Remember that fine dining is designed to be a leisurely time. Always eat small portions of food and remember to put down cutlery between each mouthful. The cutlery should always be placed on the plate instead of the table. Cross the tips of the pieces in order to inform the server that the meal is not yet finished. The knife and the fork are the two most commonly used utensils. Food should be cut up as it is eaten, not cut up at the start. Remember that the tines of the fork should be pointing toward the plate.
Napkins are also another area where etiquette is important. A napkin is one of the aspects of dining that is commonly misused. However, napkins are designed to dab at the mouth. Don't use them to wipe. At the beginning of the meal, the napkin should be unfolded and then placed on the knees and should never be tucked into the front of a shirt. If leaving the table before the end of the meal, the napkin should be placed on the seat. This signifies a temporary leaving and the napkin will not be removed by the server. At the end of the meal, the napkin can be placed tidily to the left of the plate.
Seating etiquette is an important part of dining. When seated at a table, feet should remain firmly on the floor. Avoid crossing the legs or leaning back in the chair. Elbows should be at the sides throughout the meal. A relaxed, but upright posture is most appropriate and do not lean over the plate while eating. Always bring the food to the mouth instead. The hands should generally remain in the lap when not being used and, as most know, elbows are not permitted on the table.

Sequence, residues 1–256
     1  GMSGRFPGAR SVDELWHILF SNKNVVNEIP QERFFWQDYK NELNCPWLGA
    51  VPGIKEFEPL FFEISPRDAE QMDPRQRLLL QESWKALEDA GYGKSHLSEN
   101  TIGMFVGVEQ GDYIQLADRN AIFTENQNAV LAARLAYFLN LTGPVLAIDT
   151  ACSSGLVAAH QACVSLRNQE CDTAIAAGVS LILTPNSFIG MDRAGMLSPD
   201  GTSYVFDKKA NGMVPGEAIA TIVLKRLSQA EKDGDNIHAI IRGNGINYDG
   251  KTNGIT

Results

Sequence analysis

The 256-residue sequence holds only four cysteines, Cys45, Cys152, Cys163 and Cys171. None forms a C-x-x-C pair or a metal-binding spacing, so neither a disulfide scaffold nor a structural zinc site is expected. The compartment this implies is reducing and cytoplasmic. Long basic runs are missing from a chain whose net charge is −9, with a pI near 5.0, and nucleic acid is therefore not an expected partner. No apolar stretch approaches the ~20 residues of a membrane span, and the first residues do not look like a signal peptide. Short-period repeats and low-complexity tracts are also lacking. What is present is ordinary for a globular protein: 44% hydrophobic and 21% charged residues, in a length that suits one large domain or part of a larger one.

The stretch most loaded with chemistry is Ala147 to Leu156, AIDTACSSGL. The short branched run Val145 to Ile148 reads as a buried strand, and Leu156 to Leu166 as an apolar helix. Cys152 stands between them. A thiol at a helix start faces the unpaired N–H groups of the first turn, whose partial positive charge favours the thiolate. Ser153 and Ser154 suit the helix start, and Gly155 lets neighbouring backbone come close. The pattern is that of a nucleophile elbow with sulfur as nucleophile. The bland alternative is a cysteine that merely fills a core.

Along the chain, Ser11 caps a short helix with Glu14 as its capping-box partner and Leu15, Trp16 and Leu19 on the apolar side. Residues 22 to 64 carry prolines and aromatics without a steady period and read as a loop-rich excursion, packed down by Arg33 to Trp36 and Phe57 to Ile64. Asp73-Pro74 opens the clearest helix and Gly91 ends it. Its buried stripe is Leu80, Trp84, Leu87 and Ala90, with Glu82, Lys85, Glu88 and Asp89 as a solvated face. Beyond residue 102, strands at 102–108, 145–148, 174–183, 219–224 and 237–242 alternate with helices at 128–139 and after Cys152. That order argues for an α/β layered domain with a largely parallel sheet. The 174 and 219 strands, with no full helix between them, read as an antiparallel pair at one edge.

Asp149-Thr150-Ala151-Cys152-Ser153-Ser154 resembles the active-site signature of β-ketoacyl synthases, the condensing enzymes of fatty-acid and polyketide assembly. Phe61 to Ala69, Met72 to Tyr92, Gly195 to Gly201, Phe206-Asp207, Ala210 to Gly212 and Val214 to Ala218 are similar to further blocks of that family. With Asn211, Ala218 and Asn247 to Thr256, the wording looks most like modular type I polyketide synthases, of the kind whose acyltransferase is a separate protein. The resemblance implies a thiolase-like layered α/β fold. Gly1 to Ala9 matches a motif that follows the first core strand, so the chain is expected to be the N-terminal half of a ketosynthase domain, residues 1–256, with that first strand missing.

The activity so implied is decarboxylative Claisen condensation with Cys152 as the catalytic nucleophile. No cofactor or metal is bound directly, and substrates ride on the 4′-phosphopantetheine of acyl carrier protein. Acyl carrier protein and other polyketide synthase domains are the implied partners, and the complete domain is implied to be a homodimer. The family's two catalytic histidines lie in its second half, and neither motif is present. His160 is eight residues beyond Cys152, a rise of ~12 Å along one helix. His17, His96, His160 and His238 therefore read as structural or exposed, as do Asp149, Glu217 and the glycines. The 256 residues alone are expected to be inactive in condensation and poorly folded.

One final area is the meal itself. No one should start eating until the entire table has been served. If there are a large number of people present, the hostess may indicate a start to the meal by eating a small bite or asking people to begin the meal. If something is eaten that cannot be swallowed like a fish bone or similar, be excused and then remove it in privacy. Also, depending on the food choices, food may become stuck in the teeth. This is normal and when it happens, be excused to the bathroom to remove it. Never pick at the teeth or the mouth area while at the table.
These are some of the basic dining skills needed. For more advanced help in this area, dining etiquette training is an asset and can help anyone achieve confidence in a formal dining setting.
Marcy Breault "Etiquette Training Guru"